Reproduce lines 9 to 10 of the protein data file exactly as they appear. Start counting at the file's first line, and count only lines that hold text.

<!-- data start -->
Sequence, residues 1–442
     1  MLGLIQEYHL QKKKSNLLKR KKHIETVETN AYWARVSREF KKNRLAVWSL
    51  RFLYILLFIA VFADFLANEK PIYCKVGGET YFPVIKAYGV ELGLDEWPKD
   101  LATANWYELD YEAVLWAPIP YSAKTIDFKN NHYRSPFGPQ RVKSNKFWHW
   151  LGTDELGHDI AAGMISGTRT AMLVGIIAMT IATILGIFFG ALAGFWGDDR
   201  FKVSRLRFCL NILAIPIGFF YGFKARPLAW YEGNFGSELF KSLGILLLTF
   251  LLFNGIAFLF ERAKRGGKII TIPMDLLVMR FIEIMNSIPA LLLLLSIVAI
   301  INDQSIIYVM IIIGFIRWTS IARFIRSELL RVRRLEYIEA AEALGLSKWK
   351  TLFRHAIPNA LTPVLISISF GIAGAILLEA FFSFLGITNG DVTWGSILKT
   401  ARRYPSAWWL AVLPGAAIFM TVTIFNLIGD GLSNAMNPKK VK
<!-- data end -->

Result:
   351  TLFRHAIPNA LTPVLISISF GIAGAILLEA FFSFLGITNG DVTWGSILKT
   401  ARRYPSAWWL AVLPGAAIFM TVTIFNLIGD GLSNAMNPKK VK